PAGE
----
Nevertheless, Ellis lived to see--the human race grow wholly rational about the theme? Not that, but to see it at least absorb a great deal of the knowledge he had dug up and grow more rational.
But he was not only a great scientist, but one of the largest and quietest minds of our time. In such books as "The Dance of Life," he revealed himself as a great artist, and set forth what is perhaps the most lucid and most comprehensive view of life which has come out of the generation which in general has been remarkable for piecemeal observation rather than broad perspective.
What Made 'Em Vote
An Issue Greatly Important To Us Is Settled For All Sorts Of Reasons Besides Conviction
It is interesting to observe how they lined up in the Senate Foreign Relations Committee yesterday on that vote to ignore the President and Mr. Hull and defer consideration of the Neutrality Bill until the next session of Congress.
Not a Republican voted to report the measure out. Of those, Borah and Hiram Johnson may be given full credit for honest conviction, for both are isolationists of old standing. They have a personal stake in the matter now, of course--a sort of vested interest, seeing that if it were admitted at this late date that isolationism is unworkable, they would look a little silly. But that sort of thing enters into the honest judgment of all men. Maybe LaFollette ought to be set down for honest conviction also, for his father was one of the early and determined isolationists. Nevertheless, it is worth recording that he comes from Wisconsin, the state with the largest population of German extraction, and that in his speeches during the session he has repeatedly revealed strong pro-German sympathies. It is no secret that this bill, while standing on the strict letter of our rights under international law, would have worked out to favor England and France rather than Germany.
But it is safe to say that for the rest--Vandenberg, White of Maine, Capper of Kansas,--the prevailing motives were something else than honest conviction, for none of them has any standing as old isolationists. First, as in the case of Vandenberg, the natural will of one prima donna to slap another in the face at every opportunity. Secondly, the delight of partisans in venting their spite against anybody on the other side, and particularly against anybody who has twice trounced the Republican Party as dreadfully as Mr. Roosevelt has. And thirdly, the canny believe that if the President is slapped often enough, he will lose face with the people, and Republican victory in 1940 will be made easier.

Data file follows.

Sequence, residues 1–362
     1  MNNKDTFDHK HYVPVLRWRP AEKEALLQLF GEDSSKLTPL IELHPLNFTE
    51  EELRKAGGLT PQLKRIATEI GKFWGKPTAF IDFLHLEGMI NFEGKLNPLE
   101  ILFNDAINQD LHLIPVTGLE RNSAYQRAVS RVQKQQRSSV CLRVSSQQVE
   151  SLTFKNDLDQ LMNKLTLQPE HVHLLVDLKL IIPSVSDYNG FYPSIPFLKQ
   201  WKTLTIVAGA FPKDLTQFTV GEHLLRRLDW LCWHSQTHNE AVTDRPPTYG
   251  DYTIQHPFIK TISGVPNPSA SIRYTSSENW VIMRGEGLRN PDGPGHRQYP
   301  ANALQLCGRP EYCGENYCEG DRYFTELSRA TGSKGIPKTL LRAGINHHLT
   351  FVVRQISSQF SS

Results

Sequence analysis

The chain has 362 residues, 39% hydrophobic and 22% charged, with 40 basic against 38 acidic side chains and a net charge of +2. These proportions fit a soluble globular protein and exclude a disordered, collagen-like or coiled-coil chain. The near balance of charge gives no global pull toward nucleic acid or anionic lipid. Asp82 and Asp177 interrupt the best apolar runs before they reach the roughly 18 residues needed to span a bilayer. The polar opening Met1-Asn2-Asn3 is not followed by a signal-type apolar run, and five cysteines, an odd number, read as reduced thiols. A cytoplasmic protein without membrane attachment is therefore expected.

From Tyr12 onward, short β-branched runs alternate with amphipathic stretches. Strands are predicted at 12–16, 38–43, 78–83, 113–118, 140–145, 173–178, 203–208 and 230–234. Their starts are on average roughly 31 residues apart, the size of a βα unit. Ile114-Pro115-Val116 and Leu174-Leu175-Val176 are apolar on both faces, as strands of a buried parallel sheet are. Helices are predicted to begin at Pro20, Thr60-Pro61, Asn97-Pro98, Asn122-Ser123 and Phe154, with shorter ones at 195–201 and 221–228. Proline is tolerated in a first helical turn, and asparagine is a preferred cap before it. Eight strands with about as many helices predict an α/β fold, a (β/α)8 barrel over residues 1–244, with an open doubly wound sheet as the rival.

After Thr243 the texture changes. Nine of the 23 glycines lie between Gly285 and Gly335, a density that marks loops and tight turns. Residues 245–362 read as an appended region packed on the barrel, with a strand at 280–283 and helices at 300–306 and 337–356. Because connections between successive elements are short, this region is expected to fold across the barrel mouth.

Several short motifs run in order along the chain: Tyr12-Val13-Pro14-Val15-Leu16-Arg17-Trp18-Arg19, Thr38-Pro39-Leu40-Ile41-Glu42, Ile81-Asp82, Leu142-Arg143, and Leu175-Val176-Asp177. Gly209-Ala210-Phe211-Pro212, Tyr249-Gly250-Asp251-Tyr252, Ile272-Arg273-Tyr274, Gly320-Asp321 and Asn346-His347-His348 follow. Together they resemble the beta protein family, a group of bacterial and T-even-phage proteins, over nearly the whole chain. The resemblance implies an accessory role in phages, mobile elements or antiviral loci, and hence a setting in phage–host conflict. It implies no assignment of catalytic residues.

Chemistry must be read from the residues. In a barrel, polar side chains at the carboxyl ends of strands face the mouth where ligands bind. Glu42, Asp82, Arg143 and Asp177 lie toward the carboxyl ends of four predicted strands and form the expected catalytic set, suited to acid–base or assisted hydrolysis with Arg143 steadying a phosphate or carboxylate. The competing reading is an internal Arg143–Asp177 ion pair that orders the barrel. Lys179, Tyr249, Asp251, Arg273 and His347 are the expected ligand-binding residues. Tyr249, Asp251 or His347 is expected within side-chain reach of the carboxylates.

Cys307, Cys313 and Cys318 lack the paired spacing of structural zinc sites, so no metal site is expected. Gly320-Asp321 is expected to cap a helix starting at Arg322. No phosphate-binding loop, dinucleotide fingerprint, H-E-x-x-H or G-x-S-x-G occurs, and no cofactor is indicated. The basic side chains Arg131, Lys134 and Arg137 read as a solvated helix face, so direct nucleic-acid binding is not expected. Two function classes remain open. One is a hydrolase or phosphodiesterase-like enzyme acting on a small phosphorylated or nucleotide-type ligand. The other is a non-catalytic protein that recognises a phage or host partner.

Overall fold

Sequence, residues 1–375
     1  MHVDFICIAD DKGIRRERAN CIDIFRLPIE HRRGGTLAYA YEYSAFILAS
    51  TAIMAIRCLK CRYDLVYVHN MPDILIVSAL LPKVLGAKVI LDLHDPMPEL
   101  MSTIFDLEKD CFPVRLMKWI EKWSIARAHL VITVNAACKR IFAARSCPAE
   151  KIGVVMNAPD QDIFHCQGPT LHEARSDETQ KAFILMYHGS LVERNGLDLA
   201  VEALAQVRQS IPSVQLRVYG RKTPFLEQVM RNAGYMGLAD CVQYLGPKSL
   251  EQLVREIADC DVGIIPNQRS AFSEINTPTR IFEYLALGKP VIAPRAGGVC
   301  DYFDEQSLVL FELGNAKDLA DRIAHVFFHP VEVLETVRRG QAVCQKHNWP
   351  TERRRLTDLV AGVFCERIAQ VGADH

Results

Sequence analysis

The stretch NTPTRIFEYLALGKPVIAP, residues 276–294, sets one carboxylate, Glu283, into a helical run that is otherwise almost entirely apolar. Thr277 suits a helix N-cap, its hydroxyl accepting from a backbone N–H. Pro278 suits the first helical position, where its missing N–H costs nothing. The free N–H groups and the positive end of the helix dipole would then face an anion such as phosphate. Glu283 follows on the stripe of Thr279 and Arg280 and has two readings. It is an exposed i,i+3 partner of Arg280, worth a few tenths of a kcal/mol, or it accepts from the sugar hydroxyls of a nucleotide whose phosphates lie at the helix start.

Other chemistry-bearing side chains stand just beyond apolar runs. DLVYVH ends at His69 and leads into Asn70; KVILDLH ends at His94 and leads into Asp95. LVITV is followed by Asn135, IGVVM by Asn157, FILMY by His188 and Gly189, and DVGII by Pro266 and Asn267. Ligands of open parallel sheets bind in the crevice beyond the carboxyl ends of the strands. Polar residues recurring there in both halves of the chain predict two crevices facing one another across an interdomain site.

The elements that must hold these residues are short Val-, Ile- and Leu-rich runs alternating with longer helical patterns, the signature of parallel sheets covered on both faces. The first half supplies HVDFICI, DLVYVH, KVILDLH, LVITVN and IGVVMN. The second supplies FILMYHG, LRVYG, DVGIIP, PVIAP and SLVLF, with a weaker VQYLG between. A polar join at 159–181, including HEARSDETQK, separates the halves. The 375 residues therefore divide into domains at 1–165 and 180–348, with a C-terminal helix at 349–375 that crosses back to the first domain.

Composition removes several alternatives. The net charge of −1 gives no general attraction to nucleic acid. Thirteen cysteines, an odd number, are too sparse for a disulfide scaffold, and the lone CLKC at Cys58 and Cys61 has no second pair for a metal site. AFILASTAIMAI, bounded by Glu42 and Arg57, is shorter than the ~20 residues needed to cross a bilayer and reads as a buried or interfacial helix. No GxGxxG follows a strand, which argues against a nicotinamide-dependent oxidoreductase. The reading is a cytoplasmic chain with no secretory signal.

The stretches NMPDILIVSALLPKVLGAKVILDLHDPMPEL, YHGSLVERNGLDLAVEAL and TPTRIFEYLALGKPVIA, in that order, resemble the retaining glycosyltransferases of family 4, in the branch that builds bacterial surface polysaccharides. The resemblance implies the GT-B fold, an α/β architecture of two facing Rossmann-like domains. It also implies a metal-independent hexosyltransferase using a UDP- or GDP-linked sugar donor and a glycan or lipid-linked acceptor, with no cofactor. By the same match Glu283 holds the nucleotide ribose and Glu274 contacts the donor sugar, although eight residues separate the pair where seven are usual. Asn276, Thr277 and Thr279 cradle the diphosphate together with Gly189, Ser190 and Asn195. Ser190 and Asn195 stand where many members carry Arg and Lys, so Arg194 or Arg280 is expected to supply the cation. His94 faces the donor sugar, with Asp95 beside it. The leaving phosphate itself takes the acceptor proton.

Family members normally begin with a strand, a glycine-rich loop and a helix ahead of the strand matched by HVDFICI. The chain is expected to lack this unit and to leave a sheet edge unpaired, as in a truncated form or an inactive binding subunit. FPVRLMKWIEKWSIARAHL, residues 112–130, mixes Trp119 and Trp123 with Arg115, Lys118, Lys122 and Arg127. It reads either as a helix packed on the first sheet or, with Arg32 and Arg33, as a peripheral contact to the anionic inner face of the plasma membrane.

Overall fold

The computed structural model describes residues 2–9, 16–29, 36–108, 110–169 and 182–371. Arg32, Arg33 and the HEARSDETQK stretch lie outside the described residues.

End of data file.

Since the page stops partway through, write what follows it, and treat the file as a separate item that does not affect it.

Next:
Well, and who joined the Republicans to make up that majority of 12 to 11? Shipstead, a Farmer-Laborite, who has some evidence for being an isolationist, but who also comes from a heavily German state. And these Democrats: Robert Rice Reynolds, Van Nuys of Indiana, George of Georgia, and Gillette of Iowa.
Robert, of course, makes no secret of his scorn for Britain and France; and besides probably had some scores to settle with the President, who obviously doesn't approve of his campaign to stir up hate in the country.
The other four are virulent anti-New Dealers, whom the President sought to get defeated in the last election--in the case of George and Gillette quite openly, in the case of Van Nuys and Clark almost openly. Their prevailing motive was undoubtedly the desire for revenge. And for George and Gillette, it must have been particularly sweet, since it was their votes which settled the issue.
Two votes for honest conviction; two more that may be honest conviction or pro-Germanism or both; three for partisanship; one mainly for pro-Germanism; and four for vengeance--in that fashion was settled one of the most important issues which any recent Congress has faced.
And it is important--not because it will deprive England and France of a great quantity of arms if war comes, but because it will inevitably be taken in Germany as indicating what our probable course in the future will be, and so encourage Hitler to risk war. The tragedy of that, for us, is that it is probably a totally false harbinger of what we will actually do if war comes--and that our best chance of staying out of war probably lies in heading off war in Europe in the first place.